Submitted by Howard B. Owens on February 3, 2012 - 6:54pm
The Le Roy illnesses may not have one single cause, according to a Tennessee health official who has seen this kind of thing before.
Dr. Timothy Jones, state epidemiologist for the Tennessee Department of Health, was lead author of a paper for the New England Journal of Medicine examining an outbreak of an illness in 1998 at a high school in McMinnville, Tenn.
It turned out, for at least 90 percent of the cases, there was no environmental cause for the illness, which in this event included rashes, vomiting, nausea and headaches. Some of the people involved just happened to be sick at the time of a rumored gas leak and one girl turned out to be pregnant, causing morning sickness, though she didn't know it at the time.
The diagnosis -- which was hard for the community to accept -- was psychogenic or sociogenic illness.
For most of the sick kids and teachers, the illness was a matter of adopting symptoms from people around them.
Jones hasn't been involved in the Le Roy case and only knows about the situation thorough media reports, but he said there are some similarities to the Le Roy and McMinnville situations.
Most of the patients are adolescent and disportionately female;
The groups tend to know each other or be socially related;
There is a line-of-sight transmission or direct knowledge of a previous patient's symptoms;
There is no other apparent medical explanation for the illness.
There are also some things, Jones said, that are not entirely classic psychogenic in the Le Roy situation.
Most importantly, in most psychogenic cases, the symptoms are short lived. They usually involve dizziness, fainting, vomiting and rapid heart rate, for example. The symptons usually disappear when patients are separated.
In the McMinnville case, for example, after the initial outbreak, everybody went home for the weekend and were fine until they returned to school on Monday.
Typically, Jones said, these kinds of outbreaks start with one person who has an actual physical problem -- the student becomes woozy or the choir member who faints -- but over the course of the illness spreading, additional cases may be psychogenic or there may be infectious or environmental causes for some patients.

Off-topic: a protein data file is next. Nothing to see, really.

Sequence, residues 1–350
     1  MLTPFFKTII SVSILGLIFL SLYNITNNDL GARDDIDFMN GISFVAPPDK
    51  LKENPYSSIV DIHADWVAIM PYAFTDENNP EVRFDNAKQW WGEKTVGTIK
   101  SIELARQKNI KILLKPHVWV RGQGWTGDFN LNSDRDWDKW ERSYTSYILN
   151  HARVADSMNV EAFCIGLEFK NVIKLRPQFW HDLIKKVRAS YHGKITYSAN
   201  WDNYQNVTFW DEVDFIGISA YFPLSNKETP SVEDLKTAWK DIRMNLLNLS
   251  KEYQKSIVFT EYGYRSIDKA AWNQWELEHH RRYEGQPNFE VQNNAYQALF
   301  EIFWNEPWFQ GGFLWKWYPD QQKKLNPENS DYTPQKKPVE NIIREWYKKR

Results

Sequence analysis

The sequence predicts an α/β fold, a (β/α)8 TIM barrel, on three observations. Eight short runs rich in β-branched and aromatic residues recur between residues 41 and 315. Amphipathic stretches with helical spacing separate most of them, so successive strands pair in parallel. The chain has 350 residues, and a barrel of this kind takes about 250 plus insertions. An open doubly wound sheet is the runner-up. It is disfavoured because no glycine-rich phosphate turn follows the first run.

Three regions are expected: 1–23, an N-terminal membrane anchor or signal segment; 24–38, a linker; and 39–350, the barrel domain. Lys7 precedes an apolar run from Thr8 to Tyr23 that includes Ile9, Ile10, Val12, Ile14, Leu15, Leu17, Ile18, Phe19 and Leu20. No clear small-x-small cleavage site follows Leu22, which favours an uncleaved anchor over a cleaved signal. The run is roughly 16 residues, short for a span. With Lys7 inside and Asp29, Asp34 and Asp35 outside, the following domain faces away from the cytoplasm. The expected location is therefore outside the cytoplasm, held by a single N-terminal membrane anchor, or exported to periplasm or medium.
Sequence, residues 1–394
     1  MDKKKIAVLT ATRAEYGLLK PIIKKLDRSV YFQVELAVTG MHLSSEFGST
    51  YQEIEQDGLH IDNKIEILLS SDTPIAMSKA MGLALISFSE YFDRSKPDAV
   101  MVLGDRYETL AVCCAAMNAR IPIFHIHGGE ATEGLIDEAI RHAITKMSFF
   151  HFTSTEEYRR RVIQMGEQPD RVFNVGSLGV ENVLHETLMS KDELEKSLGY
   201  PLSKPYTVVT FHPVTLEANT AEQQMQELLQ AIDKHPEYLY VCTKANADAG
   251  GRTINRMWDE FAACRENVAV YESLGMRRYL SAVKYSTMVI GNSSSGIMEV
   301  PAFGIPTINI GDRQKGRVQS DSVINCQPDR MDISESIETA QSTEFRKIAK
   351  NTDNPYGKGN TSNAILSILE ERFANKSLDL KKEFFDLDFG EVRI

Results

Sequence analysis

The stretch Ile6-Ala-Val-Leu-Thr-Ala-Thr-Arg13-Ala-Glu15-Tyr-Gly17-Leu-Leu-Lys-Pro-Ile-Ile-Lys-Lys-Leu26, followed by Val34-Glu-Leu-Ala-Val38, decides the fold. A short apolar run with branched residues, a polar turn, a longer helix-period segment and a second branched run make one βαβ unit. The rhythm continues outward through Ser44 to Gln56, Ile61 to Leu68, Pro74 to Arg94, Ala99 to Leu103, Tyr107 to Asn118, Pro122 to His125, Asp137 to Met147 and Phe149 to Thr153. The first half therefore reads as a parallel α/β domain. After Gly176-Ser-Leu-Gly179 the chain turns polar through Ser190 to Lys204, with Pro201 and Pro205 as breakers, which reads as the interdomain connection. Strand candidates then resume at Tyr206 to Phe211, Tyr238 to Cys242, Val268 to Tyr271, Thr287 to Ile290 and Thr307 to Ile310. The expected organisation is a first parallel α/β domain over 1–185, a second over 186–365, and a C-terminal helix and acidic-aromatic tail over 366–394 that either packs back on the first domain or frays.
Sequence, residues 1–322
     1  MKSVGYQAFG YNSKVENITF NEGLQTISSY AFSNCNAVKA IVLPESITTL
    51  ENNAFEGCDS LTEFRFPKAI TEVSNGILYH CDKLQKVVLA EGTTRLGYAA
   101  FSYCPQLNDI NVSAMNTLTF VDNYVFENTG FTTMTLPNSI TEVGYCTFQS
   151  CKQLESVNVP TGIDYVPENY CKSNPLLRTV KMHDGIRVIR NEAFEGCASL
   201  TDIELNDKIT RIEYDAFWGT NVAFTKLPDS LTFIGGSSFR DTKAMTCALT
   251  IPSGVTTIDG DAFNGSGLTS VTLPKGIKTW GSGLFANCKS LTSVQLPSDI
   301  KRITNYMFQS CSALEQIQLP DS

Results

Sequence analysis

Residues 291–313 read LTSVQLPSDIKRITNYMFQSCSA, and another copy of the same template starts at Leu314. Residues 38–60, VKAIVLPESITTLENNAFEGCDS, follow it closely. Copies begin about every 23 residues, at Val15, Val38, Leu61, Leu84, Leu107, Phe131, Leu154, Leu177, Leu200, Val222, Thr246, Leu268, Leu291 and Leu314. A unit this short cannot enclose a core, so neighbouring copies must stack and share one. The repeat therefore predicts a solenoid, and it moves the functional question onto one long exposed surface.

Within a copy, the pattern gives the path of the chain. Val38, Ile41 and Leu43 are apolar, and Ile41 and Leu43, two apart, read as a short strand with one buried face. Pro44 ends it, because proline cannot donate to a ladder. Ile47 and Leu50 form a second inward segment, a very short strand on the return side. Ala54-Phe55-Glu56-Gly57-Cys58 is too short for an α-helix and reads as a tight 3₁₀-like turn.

In the Le Roy case, it's possible, if not probable, that the the initial student with a tic sympton -- the trigger case -- has a non-psychogenic disorder.
One of the problems public health officials have in such a situation is explaining who might be ill because of an infectious or environmental condition and who might be showing psychogenic symptoms.
HIPPA prevents officials from discussing a specific patient diagnosis.
While a public state health official might be able to talk about a diagnosis for a group of patients under HIPPA, Jones said, the doctor who has actually treated the patients is prevented by HIPPA from discussing the cases, even as a group, because that could lead to public knowledge of individual diagnosis.
"No matter what, these are incredibilty senstive things to discuss and there are good reasons for that," Jones said. "When you have the word 'psych' attached to any conversation or diagnosis, people think they're being told they're crazy, or they're faking it or they're malingering. It's a hard thing to convince them and other people reading about it that it's real. The symptoms are real."
Jones said actual mass conversion disorder is a very rare thing and he knows of only two such cases in recent history, one in Colombia and one right in Tennessee.
In the Tennessee case, girls at a closed religious community stopped eating and were suffering severe weight loss.
"It certainly can happen, but it's at the severe end of the spectrum for sure."
Public attention doesn't help matters, either, Jones said.
While things like a lot of ambulances and fire trucks showing up at a school can spread an outbreak of psychogenic illness, so can the appearance of the media, and reports in the media reinforce the message of an illness spreading.
Getting people to accept the diagnosis is very difficult, Jones said.
In the McMinnville case, self-proclaimed experts and actual experts from all over the country were popping up with test suggestions and ideas for investigation.
In all, public health officials ended up spending close to $100,000 trying to find an environmental cause for an illness that, in the end, had no environmental cause.
Telling the community at a public meeting that the cause was psychogenic was "one of the most stressful things I've done in my entire career," Jones said.
"It's not because people were being mean," Jones said. "They were well meaning. This is scary. It's scary for the kids. It's terrifying for the parents. Many times people don't want to hear the answer."
Recommended reading: Mass Psychogenic Illness Attributed to Toxic Exposure at a High School.